This participatory exploration phase deepens critical reflection and dialogue around the health issue, which is particularly important when people may not perceive the health issue as a priority or when the topic, such as reproductive health, is rarely if ever discussed publicly or even privately.

3

All too often, programs and strategies are implemented based on external untested assumptions or on externally prescribed health behaviors without first understanding the individual, group, and community perceptions and underlying causes and influencing factors of the health issue. In keeping with Stephen Covey’s wise saying— “Seek first to understand, then to be understood”(1990)— the program team’s role in this phase is to ask questions to help the core group and other participants understand the current situation as it relates to the issue, to serve as resources to provide helpful information toward this end, and to listen. Once this information has been collected (in steps 2 and 3 of this chapter), the program team and the core group can conduct an in-depth, participatory analysis (step 4) of what it means for and how it affects the intervention that will be planned in the next chapter. This analysis will help the team do the following: • • • • • • •

Determine the current health/social situation. Establish a quantitative and qualitative baseline. Generate community awareness, interest, and consensus. Garner support for the issue. Increase understanding of causes of the problem(s). Develop a common language to talk about the health issue. Increase community members’ skills in identifying problems and prioritizing them.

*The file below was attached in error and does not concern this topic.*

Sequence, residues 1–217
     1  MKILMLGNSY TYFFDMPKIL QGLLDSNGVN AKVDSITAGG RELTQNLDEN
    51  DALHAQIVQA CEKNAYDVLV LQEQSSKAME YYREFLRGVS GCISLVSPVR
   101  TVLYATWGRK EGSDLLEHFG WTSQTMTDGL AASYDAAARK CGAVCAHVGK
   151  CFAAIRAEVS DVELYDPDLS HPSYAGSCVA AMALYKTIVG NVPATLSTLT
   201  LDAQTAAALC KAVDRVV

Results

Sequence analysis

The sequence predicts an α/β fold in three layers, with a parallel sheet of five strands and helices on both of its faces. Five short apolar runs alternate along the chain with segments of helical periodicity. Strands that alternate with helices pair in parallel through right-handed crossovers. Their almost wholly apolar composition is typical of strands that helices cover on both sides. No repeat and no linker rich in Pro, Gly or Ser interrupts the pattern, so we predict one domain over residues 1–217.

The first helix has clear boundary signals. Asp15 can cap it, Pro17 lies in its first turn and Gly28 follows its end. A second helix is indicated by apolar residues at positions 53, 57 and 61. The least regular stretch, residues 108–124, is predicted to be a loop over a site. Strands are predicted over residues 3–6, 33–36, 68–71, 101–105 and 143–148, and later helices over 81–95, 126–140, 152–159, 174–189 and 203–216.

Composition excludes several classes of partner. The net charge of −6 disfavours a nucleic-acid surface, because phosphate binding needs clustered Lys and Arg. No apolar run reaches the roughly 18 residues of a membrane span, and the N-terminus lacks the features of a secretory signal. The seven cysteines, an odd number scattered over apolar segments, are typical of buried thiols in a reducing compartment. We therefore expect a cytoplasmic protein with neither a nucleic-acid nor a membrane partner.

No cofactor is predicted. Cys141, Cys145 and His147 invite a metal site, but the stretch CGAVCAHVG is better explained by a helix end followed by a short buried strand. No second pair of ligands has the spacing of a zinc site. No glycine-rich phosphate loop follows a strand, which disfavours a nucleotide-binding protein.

How to Mobilize Communities for Health and Social Change

101


• • • • • •

Sensitize external team members to existing belief systems. Build program ownership and teamwork. Identify program participants in the mobilization process. Develop a base for program planning. Justify resource allocation/funding. Identify gaps and opportunities for improvement.

STEP 1: Decide the objectives for this phase. Prior to exploring the health issue with the core group, your team will need to determine the objectives of this exploration phase. It is not uncommon to have multiple objectives that correspond to the various actors and stakeholders interested in the project. For example, your objectives might be: By the end of this exploration phase, participants will have: • • •

established quantitative and qualitative baselines to be able to measure change over the life of the project. raised community awareness of, interest in, and commitment to the health issue. increased core group members’ capacity to conduct and use participatory research.